Preparing for a marathon is time consuming and hard work. Marathon Girl puts a lot of effort into training and preparing for races. (Official tally: Marathon Girl has run eight marathons and won two.) One of Marathon Girlâ€™s biggest pet peeves is going to marathons and meeting other â€œrunnersâ€ who claim to have â€œrunâ€ multiple marathons only to find out all their marathon times are well over five hours.
That being said, Marathon Girl does think that your goal should be to finish your first marathon. No matter how hard youâ€™ve trained, nothing can really prepare you for the grueling task of running (not walking) 26.2 miles. (Iâ€™ll testify to that.)
The article did, however, make Marathon Girl excited for 2007. She has several marathons sheâ€™d like to run (one marathon weâ€™re planning on running together) and Iâ€™m looking forward to seeing her put all of her energy into it. And if all goes well, the Boston Marathon will be on Marathon Girlâ€™s calendar in 2008.
September 28th, 2006
Congratulations to the Detroit Tigers who, despite their recent troubles winning games, clinched a playoff birth Sunday. I should really cherish this moment because it may never happen again in my lifetime.
As of this writing the Tigers hold a one game lead over the red hot Minnesota Twins. Hopefully a strong finish can keep them on top.
September 26th, 2006
In early August the Tigers had the best record in baseball and a 10 game lead over the second place team in their division. Since that time theyâ€™ve looked like the Tigers Iâ€™ve known for the last 13 years. Theyâ€™ve lost roughly two-thirds of their games and have a mere half game lead over the Twins. Itâ€™s getting harder to wear my Tiger hat in public.
Steven has no problem falling asleep in my arms. It doesnâ€™t matter how fussy or upset he is, thereâ€™s something about me holding him he finds comforting enough to fall asleep quickly. For some reason, Iâ€™m the only person who heâ€™ll let rock him to sleep.
This September is unusually cold. Itâ€™s rained for three straight days and this morning there were snow flurries on my way to work. Iâ€™m crossing my fingers the weather returns to normal. Winter is my least favorite season.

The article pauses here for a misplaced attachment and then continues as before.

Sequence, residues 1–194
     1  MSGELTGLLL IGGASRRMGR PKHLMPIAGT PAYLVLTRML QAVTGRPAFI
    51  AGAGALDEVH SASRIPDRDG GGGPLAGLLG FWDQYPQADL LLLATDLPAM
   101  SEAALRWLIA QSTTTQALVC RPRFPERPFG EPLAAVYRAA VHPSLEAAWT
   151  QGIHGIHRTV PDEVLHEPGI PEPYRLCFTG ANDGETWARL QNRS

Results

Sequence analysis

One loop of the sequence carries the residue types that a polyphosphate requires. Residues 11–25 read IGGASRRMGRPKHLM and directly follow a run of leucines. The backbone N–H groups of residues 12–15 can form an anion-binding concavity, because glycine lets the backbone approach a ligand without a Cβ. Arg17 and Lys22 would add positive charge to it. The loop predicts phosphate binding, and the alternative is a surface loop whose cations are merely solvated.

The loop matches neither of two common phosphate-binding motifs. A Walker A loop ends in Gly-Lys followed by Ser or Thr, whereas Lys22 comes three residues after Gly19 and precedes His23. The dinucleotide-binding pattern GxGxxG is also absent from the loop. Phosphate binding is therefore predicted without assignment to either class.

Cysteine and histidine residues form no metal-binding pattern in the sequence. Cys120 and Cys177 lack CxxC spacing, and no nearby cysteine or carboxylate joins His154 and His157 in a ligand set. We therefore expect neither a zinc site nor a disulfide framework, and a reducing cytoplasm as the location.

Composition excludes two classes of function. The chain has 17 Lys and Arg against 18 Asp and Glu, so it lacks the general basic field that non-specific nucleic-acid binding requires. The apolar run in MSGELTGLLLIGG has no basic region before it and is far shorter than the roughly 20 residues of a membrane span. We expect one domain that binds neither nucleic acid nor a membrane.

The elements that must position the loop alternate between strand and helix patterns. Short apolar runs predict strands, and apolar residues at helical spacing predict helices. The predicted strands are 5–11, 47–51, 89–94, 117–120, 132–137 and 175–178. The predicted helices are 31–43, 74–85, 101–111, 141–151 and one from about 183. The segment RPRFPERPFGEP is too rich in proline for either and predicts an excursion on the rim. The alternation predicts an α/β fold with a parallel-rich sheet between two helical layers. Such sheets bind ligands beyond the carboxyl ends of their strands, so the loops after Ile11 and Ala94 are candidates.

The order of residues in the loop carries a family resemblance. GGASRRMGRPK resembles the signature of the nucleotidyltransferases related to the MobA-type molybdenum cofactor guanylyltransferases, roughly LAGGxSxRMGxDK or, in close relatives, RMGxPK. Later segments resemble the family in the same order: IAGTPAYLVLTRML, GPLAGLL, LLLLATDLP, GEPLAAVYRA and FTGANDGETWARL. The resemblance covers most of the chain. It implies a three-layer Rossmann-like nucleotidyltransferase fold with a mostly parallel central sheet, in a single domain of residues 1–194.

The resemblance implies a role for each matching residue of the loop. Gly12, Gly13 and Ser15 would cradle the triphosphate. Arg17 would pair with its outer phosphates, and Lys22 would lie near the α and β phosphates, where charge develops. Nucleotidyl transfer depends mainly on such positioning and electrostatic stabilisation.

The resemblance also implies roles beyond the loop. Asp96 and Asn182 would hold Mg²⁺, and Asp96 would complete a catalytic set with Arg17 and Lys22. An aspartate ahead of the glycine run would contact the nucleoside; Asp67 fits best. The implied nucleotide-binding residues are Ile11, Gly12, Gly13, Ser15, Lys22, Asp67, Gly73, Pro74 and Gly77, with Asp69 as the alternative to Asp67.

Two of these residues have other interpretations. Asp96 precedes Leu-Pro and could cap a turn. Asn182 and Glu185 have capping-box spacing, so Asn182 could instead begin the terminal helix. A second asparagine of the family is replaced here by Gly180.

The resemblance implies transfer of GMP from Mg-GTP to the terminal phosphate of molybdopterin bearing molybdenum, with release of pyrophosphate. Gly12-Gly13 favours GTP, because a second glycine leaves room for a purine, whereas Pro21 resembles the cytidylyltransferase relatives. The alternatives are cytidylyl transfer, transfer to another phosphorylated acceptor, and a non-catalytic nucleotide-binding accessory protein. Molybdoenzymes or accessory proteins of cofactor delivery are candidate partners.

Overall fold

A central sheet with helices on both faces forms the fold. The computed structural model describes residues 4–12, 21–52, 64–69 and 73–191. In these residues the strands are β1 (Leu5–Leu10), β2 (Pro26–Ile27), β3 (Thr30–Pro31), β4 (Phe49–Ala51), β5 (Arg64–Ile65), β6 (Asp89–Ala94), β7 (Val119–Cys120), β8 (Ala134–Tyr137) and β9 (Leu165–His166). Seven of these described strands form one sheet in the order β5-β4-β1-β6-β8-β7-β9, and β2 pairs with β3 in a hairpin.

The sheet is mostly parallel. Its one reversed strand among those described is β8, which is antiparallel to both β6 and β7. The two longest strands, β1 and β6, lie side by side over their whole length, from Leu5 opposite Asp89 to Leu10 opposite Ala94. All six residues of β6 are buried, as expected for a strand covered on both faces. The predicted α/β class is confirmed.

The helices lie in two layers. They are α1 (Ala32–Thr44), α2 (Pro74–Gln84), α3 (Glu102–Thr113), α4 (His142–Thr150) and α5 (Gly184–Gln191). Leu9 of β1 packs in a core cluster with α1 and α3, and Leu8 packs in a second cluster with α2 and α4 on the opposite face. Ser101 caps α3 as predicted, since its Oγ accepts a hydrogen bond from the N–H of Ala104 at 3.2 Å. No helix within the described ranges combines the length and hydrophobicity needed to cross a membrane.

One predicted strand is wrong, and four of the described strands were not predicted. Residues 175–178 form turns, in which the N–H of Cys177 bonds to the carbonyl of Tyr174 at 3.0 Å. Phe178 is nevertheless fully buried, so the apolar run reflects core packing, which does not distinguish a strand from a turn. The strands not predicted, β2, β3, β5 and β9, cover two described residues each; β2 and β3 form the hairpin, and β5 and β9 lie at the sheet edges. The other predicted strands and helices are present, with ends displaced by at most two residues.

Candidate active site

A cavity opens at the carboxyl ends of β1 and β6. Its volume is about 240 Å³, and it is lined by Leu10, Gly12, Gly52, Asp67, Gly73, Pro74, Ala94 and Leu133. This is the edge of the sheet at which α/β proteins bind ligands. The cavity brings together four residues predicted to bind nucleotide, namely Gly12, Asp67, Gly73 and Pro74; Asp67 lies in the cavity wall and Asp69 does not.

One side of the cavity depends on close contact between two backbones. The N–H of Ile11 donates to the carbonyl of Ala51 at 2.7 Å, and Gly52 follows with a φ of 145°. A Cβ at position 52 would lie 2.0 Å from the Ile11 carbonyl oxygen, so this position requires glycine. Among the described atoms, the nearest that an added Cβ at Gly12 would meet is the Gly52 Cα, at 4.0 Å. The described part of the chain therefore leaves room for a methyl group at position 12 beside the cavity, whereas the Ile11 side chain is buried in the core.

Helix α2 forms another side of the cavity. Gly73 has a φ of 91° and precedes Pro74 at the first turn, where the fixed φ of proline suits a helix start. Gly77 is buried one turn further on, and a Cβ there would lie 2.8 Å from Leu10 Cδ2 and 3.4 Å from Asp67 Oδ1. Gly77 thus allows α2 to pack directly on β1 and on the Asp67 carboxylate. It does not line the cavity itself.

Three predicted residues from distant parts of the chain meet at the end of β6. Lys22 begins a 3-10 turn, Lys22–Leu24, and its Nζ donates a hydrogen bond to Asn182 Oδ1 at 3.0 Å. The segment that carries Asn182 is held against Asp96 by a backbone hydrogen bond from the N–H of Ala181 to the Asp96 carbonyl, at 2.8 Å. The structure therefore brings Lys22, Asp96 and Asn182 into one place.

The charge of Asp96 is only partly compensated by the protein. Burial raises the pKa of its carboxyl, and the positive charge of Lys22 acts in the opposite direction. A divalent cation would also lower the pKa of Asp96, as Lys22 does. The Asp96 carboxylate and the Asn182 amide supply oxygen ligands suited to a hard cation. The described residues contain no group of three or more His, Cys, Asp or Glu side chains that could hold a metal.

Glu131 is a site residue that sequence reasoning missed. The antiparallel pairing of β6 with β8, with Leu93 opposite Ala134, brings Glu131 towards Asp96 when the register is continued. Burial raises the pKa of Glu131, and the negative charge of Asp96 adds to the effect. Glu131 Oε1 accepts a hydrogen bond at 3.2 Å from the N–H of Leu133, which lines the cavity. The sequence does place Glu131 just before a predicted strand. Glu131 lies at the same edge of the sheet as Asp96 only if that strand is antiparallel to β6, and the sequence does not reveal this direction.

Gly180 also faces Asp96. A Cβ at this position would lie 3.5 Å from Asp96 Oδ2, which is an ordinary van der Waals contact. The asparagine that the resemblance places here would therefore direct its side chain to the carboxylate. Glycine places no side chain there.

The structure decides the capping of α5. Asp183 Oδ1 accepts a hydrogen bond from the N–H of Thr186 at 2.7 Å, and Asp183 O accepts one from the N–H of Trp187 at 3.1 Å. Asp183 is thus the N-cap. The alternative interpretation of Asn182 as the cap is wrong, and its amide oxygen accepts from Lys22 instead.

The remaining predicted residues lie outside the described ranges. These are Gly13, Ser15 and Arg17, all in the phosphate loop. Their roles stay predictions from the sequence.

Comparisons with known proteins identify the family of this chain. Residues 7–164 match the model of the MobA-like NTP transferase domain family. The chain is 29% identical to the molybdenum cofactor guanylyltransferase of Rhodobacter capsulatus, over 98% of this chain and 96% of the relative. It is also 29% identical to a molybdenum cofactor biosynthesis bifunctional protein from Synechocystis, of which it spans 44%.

Marathon Girl was feeling sick the other day so after I came home from work, I took the boys on a run with me. Pushing the double-wide, I managed to clock eight minutes a mile which is only slightly slower to my average pace when I run alone. I really need to push myself harder in the mornings.
Marathon Girl is convinced our running together as a couple has sparked a neighborhood trend. Whereas you never saw couples running together when we first moved here, you see that all the time now â€“ many have even bought running strollers so they can take their kids with them.
Aidan sure knows how to get on my good side. The other day he came up to me, squeezed my arm and said, â€œBig muscles, Daddy!â€
Aidan had his cast removed on Wednesday. He sure seems happier now that he can use both arms.
The little girl growing inside Marathon Girl is way more active than Aidan or Steven.
Yes, we have a name picked out for her but arenâ€™t sharing it until after sheâ€™s born.
Doing a one hour radio show five days a week is both exhilarating and exhausting.
Writing is also exhilarating and exhausting.
I have some great news about my book but canâ€™t make any official announcements right now. Stay tuned.
September 22nd, 2006
Iâ€™ve been teaching Aidan how to play chess. We havenâ€™t progressed very far. Aidan knows the names of most of the pieces but our games consist of simply putting the pieces on the board in some random order and rescuing pawns and knights from Stevenâ€™s mouth.